for court the next day proving his client innocent and that the victim had

committed suicide and was not a victim. While practicing the use of a how

a gun could be used to commit suicide, he accidentally shot himself in the

abdomen. He died the next morning. If not of embarrassment, then of the

actual self-inflicted fatal wound!

The Colonel Taylor Inn, in Cambridge, Ohio, is a beautiful place to stay. It was a

frequent overnight place of many famous guests, including congressmen, as

the owner was Congressman Joseph D. Taylor. Among the notable guests,

the trio of presidents from Ohio were James A. Garfield, William McKinley,

and Rutherford B. Hayes. (He was a Delaware, Ohio resident and our high

school is named after him.) Although dead Presidents may be inclined to

haunt the White House, the strange noises, unexplained footsteps and

wafting pipe tobacco smoke are all attributed to the Colonel.

The 1861 Inn in Batavia, Ohio is one built during the Civil War to shield

and protect travelers along the Underground Railroad. (Side comment:

Delaware has a corner where North Franklin and Lincoln Roads cross

where there are two tunnels criss-crossing under the roads. The Chi Phi

fraternity House has a scary haunted house that annually plays up this

strange area where ghosts may pass through…) Anyway, the alleged

haunting spirit of a woman named Jennie Penn, can be found in the

hallways and rooms in this inn. The woman graduated in 1885 from

Batavia High School and lived in the 1861 Inn until her death in the

1940’s. Her spirit wanders through, seen and heard here. She was

an artist, so a self portrait of Jennie is hung in the lovely dining room

of the inn. Many of her personal mementos can be found throughout

the building she called home, as a grown “spinster” woman.

The following is a brief list of other hotels and places to find Ohio

ghostly apparitions floating around and creating mischief:

1. Punderson Manor (found at Punderson State Park Lodge) where

rumors of paranormal visitors abound, including an eerie laugh in

rooms and halls, water faucets that turn on and off, and doors

opening and closing.

2.  Rider’s Inn (Painesville, Ohio) In 1812, built and also used in the

Underground Railroad stop. Gentle spirit of Suzanne Rider passes

through the rooms and halls here. There is  a Suzanne Suite, Room #11,

which you can book, to get the whole experience of her ghostly


3. Buxton Inn of Granville, Ohio. Ghosts are of both the innkeeper and

his wife that haunt these hallways together. That couple probably

creates quite a lot of mischief!

4. Lofts Hotel in Columbus, Ohio. This is a beautiful Victorian style

building filled with the possibility of that era’s “lady ghosts,” roaming

around it.

5. There are oddities and unusual sightings in the Marietta Hotel,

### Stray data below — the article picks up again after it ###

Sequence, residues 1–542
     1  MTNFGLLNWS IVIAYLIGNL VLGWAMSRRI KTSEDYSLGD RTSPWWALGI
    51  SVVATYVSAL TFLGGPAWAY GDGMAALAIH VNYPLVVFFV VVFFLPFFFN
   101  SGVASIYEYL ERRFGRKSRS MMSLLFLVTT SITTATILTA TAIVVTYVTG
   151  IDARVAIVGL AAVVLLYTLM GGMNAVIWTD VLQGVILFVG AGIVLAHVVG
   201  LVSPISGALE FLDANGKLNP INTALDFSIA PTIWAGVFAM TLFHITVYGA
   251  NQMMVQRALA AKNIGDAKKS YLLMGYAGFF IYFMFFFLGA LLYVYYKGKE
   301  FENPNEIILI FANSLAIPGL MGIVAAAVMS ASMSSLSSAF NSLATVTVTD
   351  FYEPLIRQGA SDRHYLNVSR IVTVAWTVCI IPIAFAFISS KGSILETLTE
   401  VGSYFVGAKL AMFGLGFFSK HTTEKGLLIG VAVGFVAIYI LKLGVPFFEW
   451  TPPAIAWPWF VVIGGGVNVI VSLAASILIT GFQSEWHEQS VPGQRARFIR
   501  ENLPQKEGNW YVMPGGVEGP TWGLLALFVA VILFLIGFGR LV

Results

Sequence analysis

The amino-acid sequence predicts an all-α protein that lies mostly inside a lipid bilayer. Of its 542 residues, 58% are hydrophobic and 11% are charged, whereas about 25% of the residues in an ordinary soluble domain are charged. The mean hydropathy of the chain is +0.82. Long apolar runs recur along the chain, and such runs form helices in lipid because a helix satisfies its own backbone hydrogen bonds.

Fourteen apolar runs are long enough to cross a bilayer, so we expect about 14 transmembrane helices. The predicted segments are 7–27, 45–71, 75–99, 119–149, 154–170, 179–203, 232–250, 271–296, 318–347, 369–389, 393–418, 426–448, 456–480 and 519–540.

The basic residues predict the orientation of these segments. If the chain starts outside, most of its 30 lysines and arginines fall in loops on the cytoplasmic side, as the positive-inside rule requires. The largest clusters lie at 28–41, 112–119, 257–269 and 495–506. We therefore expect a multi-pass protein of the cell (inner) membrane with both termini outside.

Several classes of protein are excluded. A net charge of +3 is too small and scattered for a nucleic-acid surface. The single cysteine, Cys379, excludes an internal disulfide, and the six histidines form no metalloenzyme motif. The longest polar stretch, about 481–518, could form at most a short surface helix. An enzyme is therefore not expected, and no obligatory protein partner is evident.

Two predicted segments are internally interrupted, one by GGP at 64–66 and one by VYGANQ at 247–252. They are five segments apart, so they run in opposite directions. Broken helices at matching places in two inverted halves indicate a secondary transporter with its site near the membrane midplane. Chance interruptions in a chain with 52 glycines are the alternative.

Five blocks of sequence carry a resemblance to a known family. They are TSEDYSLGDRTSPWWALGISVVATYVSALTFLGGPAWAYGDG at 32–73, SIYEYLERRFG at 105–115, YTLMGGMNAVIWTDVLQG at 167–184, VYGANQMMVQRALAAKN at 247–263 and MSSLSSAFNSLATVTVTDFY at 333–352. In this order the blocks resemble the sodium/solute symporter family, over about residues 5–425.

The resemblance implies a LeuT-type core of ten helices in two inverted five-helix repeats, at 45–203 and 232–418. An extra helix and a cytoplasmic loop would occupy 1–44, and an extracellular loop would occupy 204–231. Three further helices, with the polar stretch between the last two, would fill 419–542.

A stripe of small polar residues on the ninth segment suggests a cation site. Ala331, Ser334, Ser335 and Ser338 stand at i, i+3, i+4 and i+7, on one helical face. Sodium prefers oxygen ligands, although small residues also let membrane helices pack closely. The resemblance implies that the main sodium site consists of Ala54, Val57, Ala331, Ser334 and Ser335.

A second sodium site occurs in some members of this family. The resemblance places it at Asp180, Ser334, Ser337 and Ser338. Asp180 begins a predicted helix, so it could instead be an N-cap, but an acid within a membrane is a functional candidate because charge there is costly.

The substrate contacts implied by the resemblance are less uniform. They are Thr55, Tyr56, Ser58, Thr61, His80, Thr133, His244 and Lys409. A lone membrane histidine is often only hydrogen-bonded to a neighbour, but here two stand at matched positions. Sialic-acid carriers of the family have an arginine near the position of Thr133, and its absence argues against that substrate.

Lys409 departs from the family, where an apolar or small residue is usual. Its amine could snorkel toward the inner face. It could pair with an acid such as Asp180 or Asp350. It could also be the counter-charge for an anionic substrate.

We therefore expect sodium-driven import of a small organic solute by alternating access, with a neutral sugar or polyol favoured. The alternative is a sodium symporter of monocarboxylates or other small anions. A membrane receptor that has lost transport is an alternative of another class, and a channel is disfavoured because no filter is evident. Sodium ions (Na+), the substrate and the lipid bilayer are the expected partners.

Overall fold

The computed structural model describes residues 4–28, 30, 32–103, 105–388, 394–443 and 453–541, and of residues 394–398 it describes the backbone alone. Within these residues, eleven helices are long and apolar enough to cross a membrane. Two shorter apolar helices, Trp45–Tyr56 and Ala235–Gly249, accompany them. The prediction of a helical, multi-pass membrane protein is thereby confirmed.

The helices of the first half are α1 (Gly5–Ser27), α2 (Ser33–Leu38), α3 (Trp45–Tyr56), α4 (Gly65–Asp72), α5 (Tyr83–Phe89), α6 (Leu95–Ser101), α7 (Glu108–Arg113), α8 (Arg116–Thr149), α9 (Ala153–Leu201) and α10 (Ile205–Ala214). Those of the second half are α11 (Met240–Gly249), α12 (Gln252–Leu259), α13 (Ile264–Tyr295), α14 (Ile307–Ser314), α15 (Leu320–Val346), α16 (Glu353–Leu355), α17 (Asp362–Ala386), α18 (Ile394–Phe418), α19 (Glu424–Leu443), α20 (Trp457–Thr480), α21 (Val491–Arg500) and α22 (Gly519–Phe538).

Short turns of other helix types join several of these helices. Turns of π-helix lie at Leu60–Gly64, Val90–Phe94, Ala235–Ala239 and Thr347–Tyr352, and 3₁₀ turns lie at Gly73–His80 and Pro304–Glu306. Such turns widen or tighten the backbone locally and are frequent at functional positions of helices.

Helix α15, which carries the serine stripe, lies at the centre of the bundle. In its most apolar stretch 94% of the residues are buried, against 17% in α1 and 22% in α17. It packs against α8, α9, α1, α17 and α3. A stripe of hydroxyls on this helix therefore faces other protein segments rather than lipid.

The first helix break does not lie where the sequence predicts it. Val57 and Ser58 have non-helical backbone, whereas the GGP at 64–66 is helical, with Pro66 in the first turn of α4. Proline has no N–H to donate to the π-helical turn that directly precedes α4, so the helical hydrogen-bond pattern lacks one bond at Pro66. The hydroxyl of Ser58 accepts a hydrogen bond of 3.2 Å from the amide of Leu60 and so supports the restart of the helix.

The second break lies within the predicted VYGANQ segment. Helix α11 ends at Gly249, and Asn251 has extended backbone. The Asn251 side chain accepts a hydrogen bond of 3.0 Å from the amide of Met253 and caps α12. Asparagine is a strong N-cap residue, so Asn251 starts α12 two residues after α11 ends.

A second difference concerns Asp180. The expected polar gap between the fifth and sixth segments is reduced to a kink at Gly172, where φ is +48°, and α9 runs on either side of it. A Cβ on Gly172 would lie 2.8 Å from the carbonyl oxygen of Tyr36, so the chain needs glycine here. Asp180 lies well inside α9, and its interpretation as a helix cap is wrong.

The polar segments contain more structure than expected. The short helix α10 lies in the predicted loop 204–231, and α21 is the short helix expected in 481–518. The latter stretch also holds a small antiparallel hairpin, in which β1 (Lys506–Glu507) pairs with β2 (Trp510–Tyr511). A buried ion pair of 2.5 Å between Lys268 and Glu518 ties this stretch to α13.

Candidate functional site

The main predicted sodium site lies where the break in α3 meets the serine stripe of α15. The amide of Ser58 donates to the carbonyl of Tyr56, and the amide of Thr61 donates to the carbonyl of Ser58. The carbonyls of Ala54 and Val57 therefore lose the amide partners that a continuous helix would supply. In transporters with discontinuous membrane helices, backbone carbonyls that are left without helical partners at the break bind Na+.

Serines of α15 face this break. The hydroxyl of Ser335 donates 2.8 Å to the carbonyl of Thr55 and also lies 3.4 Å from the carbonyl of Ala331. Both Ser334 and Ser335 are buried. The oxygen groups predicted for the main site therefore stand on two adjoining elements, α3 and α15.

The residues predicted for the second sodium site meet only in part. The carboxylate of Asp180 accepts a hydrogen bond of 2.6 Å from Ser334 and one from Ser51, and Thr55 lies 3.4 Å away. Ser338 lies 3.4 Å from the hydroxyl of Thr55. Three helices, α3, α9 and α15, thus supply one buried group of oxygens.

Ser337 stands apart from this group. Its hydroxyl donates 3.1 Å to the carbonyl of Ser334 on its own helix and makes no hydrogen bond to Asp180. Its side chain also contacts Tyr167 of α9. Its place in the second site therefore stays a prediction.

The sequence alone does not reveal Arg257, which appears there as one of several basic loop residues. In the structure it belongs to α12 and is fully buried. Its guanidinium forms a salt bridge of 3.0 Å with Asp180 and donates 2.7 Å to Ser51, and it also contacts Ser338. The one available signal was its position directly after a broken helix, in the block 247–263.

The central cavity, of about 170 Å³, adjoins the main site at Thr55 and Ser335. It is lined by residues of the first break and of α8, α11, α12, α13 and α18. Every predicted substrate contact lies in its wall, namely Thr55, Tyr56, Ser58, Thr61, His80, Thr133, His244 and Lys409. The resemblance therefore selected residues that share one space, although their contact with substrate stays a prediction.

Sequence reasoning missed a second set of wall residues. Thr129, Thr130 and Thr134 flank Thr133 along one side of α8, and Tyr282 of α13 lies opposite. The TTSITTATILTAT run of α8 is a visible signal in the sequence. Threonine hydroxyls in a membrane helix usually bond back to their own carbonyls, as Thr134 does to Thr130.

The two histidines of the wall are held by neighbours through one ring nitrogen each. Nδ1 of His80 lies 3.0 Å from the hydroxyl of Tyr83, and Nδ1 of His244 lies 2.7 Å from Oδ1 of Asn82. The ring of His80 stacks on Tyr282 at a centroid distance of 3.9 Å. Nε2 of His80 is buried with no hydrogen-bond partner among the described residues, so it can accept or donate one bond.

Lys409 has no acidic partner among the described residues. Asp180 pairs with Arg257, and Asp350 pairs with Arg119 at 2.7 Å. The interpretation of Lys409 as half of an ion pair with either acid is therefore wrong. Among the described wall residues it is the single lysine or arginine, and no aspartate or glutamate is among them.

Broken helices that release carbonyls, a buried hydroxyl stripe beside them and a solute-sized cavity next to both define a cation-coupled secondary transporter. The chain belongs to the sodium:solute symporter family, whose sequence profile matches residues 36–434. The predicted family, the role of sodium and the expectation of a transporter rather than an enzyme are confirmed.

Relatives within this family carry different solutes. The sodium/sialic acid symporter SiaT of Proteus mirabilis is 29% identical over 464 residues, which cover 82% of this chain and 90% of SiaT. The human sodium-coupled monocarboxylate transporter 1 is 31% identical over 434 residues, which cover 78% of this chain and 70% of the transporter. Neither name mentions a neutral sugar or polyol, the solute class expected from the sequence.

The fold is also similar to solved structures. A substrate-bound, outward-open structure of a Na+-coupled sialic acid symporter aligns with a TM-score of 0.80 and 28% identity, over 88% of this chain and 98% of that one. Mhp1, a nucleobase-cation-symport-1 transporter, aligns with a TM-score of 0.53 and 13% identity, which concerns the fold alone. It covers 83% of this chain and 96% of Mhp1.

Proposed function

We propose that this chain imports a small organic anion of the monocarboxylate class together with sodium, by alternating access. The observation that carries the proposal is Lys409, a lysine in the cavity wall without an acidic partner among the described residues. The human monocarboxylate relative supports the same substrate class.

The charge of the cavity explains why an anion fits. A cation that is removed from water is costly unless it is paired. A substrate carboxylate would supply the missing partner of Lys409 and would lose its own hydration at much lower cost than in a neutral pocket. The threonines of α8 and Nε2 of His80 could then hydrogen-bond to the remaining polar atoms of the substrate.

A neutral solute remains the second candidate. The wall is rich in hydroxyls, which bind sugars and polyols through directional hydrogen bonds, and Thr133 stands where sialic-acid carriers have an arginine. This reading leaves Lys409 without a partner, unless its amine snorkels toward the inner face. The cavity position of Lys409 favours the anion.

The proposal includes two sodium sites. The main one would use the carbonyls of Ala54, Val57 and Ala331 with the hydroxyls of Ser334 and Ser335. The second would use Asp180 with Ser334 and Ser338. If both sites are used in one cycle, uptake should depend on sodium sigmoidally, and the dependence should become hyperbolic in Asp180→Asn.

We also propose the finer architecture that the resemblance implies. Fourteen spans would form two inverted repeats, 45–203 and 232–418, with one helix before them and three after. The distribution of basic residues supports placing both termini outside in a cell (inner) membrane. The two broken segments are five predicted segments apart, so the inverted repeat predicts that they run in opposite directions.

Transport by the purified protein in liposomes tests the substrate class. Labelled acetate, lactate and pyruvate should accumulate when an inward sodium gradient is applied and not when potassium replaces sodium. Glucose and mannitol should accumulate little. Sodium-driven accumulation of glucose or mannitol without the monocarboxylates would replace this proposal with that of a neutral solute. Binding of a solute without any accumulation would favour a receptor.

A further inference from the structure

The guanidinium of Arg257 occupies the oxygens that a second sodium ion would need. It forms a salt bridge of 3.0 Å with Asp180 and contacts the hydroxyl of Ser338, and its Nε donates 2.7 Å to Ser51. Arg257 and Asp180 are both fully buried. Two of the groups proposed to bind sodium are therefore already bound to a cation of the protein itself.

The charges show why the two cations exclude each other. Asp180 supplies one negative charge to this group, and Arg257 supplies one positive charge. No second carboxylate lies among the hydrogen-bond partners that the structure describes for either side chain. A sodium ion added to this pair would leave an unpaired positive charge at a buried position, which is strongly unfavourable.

Lafayette, Ohio. Personal property goes missing from guests’ rooms.

Shampoo and conditioner bottles are found dumped. There are

sometimes upside down or suitcases that have been tipped over

and contents strewn. This is the most active set of spirits reported

in all the hotels and inns in Ohio.

6. In Cincinnati, the Hilton Inn at Netherland Plaza, has a “Lady in Green”

who occupies the place. She is surmised to be the wife of a construction

worker killed during the building of the Inn, in the 1930’s. There is an

elegant Hall of Mirrors, to view in this location.

At Halloween the best place to visit to get the whole range of emotions,

of course, would be to head towards New England and go north to

Salem, Massachusetts.

Salem has a lot of spirits roaming and everyone, whether they are one

or not, likes to parade around in witch or warlock costumes or actual attire.

I have seen this place during a less cheery time of year, in Winter, while a

young teenager with my family. The grim, freezing cold weather gave my

view a whole different twist on the witchcraft and the various museums

we explored. My family valiantly traveled there to see my Great Aunt Marie,

Great Aunt Dorothy and her husband, Great Uncle George. We spent time

with my second cousins in the town of Rockport, Massachusetts. The trip

was beautiful from the inside of our old station wagon. The icicles,

beautiful antique features of the Victorian and Colonial homes along with

the confectioner sugar coating on all you could see are sights I will always

remember fondly.  As long as we were in one of the family member’s

homes with fires blazing in the fireplace or tucked in with blankets, in the

car driving through the towns winter is a wondrous sight in New England!

I would like to see the town of Salem, MA again, on a warmer, less dismal

day! That is the direction that makes the most sense to head while observing

the holiday of Halloween!

Famed Author’s Home Up for Sale


For a mere sum of $85,000, you can purchase the home of famed

playwright, poet and author, Langston Hughes. It has been recently

renovated but still has the beauty of an older home, including the

third floor attic garret, where Langston, in his high school years would

sleep, write and create. This is located in Cleveland, Ohio where the

area is being kept up like the old neighborhoods in Columbus, like

German Village or Victorian Village. These are the side streets that

people drive down to see Christmas lights on. The homey type of

neighborhood where you may be content or like Langston, may want

to flee from.

His home, at 2266 East 86th, was along the bus route to Central High

School and Karamu House, an internationally acclaimed centerpiece

of plays, dramatic arts and dance productions, featuring varied cultures

and backgrounds. This is known also as the “oldest African-American

theater in the United States.” This is where Langston Hughes would

premiere many of his plays.

Born James Mercer Langston Hughes in 1902 and passing away in1967,

Hughes contributed greatly to the writing community and especially,

helping the world to recognize the talents of African-Americans.